SANTA CLARA When Alex Smith wrapped up two player-run minicamps this summer, he made it clear to teammates that the 49ers were behind.
They would have to work hard this offseason, the quarterback said, to catch up to the teams that hadn't gone through coaching changes and had maintained an element of continuity during the lockout.
They'll take on one of those teams, the New Orleans Saints, today at 5 p.m. The Saints' core players have been together for years. They've run the same complex and aggressive offense since 2006. And their starting quarterback, Drew Brees, is an extension of head coach Sean Payton.
What's more, Brees and the Saints were the paragon of professionalism during the lockout. The New Orleans players organized six weeks of player-led practices at Tulane University that attracted upwards of 40 players and included training staffers and film work.
"They're a top NFL team with a lot of pieces in place," 49ers coach Jim Harbaugh said this week. "They had a tremendous offseason. They did very well in free agency and have a tightknit group. So, yeah, it's a big test for us. We'll know where we stand a lot better."
The 49ers acknowledge that they are behind established teams like the Saints. But they've also used their starting position as motivation.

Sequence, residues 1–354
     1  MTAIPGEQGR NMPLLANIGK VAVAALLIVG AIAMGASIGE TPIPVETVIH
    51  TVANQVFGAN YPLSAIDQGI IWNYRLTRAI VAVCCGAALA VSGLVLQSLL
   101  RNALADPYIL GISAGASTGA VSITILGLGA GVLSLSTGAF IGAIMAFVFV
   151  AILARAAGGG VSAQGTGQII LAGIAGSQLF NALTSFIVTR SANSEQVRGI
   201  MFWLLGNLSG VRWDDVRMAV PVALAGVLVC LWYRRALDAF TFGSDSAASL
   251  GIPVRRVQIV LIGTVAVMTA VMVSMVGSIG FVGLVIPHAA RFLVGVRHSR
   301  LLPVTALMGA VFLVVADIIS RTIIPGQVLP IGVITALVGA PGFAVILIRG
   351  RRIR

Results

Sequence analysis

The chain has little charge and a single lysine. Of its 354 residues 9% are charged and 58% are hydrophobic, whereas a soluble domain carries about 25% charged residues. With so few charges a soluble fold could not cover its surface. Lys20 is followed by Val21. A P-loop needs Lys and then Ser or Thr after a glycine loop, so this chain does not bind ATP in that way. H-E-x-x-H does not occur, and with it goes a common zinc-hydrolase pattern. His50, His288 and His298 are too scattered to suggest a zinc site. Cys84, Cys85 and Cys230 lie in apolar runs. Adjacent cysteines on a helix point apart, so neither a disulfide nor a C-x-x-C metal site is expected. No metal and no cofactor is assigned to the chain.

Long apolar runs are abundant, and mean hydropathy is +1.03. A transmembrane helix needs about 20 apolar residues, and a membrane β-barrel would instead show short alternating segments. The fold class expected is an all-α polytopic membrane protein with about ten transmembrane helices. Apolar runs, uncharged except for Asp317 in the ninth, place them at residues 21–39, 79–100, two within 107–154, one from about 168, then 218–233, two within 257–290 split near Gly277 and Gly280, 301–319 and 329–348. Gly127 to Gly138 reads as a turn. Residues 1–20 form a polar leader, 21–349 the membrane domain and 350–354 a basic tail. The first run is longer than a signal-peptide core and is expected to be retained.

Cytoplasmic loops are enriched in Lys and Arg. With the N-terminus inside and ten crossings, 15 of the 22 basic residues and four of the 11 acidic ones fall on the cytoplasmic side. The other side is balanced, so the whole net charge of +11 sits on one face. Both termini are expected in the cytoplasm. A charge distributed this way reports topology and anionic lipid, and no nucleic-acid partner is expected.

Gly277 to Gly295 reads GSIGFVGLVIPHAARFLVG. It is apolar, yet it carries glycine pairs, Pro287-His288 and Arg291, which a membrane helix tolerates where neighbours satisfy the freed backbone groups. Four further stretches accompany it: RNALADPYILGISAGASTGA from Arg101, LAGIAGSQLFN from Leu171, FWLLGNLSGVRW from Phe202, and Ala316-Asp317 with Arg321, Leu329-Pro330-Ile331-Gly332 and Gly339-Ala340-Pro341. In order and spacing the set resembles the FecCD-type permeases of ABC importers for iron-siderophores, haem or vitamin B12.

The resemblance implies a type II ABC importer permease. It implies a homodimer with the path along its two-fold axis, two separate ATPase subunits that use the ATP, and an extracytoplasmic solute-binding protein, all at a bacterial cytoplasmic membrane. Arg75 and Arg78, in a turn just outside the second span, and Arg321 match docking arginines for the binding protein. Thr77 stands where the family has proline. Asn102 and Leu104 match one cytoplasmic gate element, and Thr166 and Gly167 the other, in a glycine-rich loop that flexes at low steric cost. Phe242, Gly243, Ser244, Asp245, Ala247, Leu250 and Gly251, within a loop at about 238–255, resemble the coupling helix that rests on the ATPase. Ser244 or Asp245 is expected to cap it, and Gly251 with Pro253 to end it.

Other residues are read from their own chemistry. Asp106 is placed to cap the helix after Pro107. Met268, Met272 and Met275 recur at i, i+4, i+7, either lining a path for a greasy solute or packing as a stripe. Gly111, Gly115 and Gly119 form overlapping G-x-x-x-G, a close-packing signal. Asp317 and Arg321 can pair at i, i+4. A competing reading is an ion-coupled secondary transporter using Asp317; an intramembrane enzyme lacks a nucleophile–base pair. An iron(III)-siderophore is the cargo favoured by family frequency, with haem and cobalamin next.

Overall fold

There's a sense of urgency to Harbaugh's first training camp, in which everything is done quickly and, in recent practices at least, performed sharply.
"I think everything is moving a lot faster," defensive end Ray McDonald said Thursday. "I mean, not to disrespect coach (Mike) Singletary, but everything is a lot crisper. There's not a lot of standing around; guys are actually doing stuff. You know, the tempo is a lot more upbeat."
Harbaugh said he expected training camp to look rough initially, especially because certain veteran free agents, such as Smith and McDonald, weren't able to practice for the first week. So he's asked that the players improve a little bit every day.
And in that way, he said, they've succeeded.
Harbaugh was happy with the past three days of practice, which were used to tune up for the Saints, and was especially pleased that Wednesday's session wrapped up early.
"It's not 100 percent perfect, not 100 percent right," Harbaugh said of recent practices. "But to be honest with you, I wouldn't want it 100 percent right or perfect. Then it wouldn't be challenging enough. Our guys are really pressing the envelope on tempo. And practice ended 12 minutes early (Wednesday) because of that, because the tempo was so good. At some point, that will bode well for us. That will help us win games."
Adding to the sense of urgency is Harbaugh himself, who is in constant motion and who is not shy about demonstrating how to throw a block or run a route. Mostly, the 47-year-old former quarterback works with his passers.
"It's great to see it," Smith said. "I know for all of (the quarterbacks) it's great to have a visual explanation sometimes, instead of it getting told to you. To get to see it happen even from an old guy it's good."